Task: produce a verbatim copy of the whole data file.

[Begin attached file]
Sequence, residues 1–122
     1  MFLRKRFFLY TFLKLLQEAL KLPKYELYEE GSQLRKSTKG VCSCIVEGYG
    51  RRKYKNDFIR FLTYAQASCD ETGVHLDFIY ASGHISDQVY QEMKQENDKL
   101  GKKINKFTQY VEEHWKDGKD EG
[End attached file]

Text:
Sequence, residues 1–122
     1  MFLRKRFFLY TFLKLLQEAL KLPKYELYEE GSQLRKSTKG VCSCIVEGYG
    51  RRKYKNDFIR FLTYAQASCD ETGVHLDFIY ASGHISDQVY QEMKQENDKL
   101  GKKINKFTQY VEEHWKDGKD EG